My Dad & Barnacle Bill


My dad repairing a vehicle in our driveway, 1951.

One of my fondest memories of my father — who is ninety-seven and has been having a rough go of it lately — involves the ballad of Barnacle Bill, a song popular in the 1930s.

Picture me as a child of five, knocking on the bathroom door. My father is inside, shaving or whatever. He answers my knock, singing in falsetto:

“Who’s that knocking at my door? Who’s that knocking at my door? Who’s that knocking at my door? (Cried the fair young maiden).”

Of course, I’d tell him it was me and that I had to go to the bathroom . . . BAD. Like all children who would rather play than go pee, I’d leave it until the last moment.

He’d answer by continuing to sing, this time in a gravelly male voice:

“It’s only me from over the sea
(Said Barnacle Bill the Sailor).
I’m all lit up like a Christmas tree
(Said Barnacle Bill the Sailor).
I’ll sail the seas until I croak.
I’ll fight and swear and drink and smoke,
But I can’t swim a bloody stroke
(Said Barnacle Bill the Sailor).”

By this time, I’d plead again for him to let me in, and he’d reply in falsetto:

“I’ll come down and let you in,
I’ll come down and let you in,
I’ll come down and let you in,
(Cried the fair young maiden).”

Sometimes he’d let me in. But if he needed more time to finish, he’d draw out the torture by singing the last verse:

Fancy Pants

My dad in his knickers (right) with his father outside their home in central Minnesota. I call this photo “fancy pants.” It must have been taken in the 1930s, during the time the Barnacle Bill song was on the radio.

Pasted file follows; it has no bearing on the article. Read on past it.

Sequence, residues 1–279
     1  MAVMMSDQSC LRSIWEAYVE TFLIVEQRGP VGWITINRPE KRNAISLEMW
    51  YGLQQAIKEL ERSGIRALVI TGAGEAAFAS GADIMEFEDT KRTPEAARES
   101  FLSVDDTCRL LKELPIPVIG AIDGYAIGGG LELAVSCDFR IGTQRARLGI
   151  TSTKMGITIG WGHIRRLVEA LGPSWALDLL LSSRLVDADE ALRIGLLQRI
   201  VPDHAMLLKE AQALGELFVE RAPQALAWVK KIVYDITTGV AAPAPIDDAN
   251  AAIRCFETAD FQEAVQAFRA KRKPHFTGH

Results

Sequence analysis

“Well hurry before I bust in the door
(Said Barnacle Bill the Sailor).
I’ll rare and tear and rant and roar
(Said Barnacle Bill the Sailor).
I’ll spin you yarns and tell you lies
I’ll drink your wine and eat your pies
I’ll kiss your cheeks and black your eyes
(Said Barnacle Bill the Sailor).”

Finally, he’d open the door to find me doing the ‘I have to go pee’ dance in the hallway.

Even though this ritual was rather cruel, hearing my father imitate the male and female voices was fascinating. It was sort of scary, too, like there was a stranger (or two) in the bathroom. And some of the words were rather violent. But I was the youngest of four, so no doubt, my father needed some type of delay or coping mechanism for these interruptions from his children.

In looking up the lyrics for this song on the Internet, I learned my father was singing the tame version. His rendition was made popular by Hoagy Carmichael and his orchestra on the radio (including Benny Goodman on clarinet and Tommy Dorsey on trombone). Other adaptations are much “saucier,” and longer.

All I can say is thank goodness my dad sang the short and sweet version to me or there would have been a puddle in the hallway.

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